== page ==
Attenberg pulls off a difficult fictional feat in allowing us to see around Andrea, to understand more about her than she does herself, even as her voice dominates the book. Sarcastic, funny, indignant, that voice takes the place of a conventional plot, since Attenberg is more interested in observation and memory than elaborate narrative. The chapters are built around scenes and anecdotes, sometimes mordantly funny, as when Andrea is at Indigo’s wedding and observes a pair of guests flirting “heavily, shamelessly, nearly professionally.” But this episode swerves into more serious emotional territory when Andrea tries her own flirtation with a middle-aged divorced man at her table, who rebuffs her: “You wanted to have sex with me. And you just met me. You’ve only known me for three hours.”

Andrea is furious at this moralistic rejection, but also stung by it, since her loneliness and her independence feel impossible to separate. Attenberg is at her best writing about sex, which she does not graphically, but truthfully, with an eye for the way intimacy can heighten solitude. Andrea is drawn to a series of men in the novel—a starving artist, a rich neighbor—but always with a deep ambivalence, a sense that her wounds and theirs make any extended relationship impossible. With Matthew, the artist, she has “lovely, sweet, slow, 1970s, West Coast, beachy sex,” which ends with her shrieking. “ ‘You’re so loud,’ he says, teasingly, when we are finished. ‘That’s because I’m in pain,’ I reply, without even thinking about it.” Indeed, the most intimate physical contact Andrea has in the book is not with a lover, but with a therapeutic masseur, who allows her to feel all her pain and fear as “a ball of heat gathering in my chest above my breasts, just beneath my clavicle.” “I like to think the swelling has gone down, and the heat has cooled,” she reflects. “I like to think I’m better now. But most days I can’t see through the pain to the truth.”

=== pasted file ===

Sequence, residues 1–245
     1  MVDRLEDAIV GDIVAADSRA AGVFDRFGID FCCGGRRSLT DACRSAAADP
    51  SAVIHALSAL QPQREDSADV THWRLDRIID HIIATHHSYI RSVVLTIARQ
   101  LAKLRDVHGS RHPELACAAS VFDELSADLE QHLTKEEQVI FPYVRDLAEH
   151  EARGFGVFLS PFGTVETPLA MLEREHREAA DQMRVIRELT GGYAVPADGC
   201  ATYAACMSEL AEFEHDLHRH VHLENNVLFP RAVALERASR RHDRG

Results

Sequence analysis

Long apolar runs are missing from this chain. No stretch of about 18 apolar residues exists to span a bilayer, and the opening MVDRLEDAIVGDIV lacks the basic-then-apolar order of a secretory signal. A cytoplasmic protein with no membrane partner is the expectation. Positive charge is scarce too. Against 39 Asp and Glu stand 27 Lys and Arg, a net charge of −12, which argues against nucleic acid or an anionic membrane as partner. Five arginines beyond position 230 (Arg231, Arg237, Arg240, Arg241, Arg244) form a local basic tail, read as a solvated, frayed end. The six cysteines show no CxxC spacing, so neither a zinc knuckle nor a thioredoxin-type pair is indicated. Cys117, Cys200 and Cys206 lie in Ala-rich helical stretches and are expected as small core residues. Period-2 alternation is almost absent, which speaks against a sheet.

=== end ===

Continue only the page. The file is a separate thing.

As the novel progresses, the most important sources of this pain are excavated and brought to the surface. We know from the beginning about the failure of Andrea’s art career; later on, we see her relationship with her mentor, Felicia, which ended in disaster and helped drive her away from art. We gain further insight into Andrea’s childhood, with its atmosphere of poverty and vulnerability, and into the early encounters with men that left a deep layer of distrust. “One more drink and we’re sharing our rape stories,” Attenberg writes, with her characteristic combination of insouciance and grief. “Nearly every woman I know has one. If I had a nickel for every time I’ve heard one of these stories I could buy an enormous, plush pillow with which to smother my tear-stained face.”

But the central grief in All Grown Up is not, in a sense, Andrea Bern’s at all. It belongs to her brother, who with his glamorous wife, Greta, has a child afflicted with a severe and fatal illness. More and more, as the book unfolds, it is this niece, Sigrid, who emerges as the central test of Andrea’s character. What will happen to her cherished problems and grievances when they are overshadowed by the most terrifying of all tragedies, a dying child? The moving conclusion to the book is bound up with this question—a fitting climax to Attenberg’s perceptive study of love, sacrifice, and what it really means to be an adult.


Read Adam Kirsch’s book reviews for Tablet magazine here.

Adam Kirsch is a poet and literary critic, whose books include The People and the Books: 18 Classics of Jewish Literature.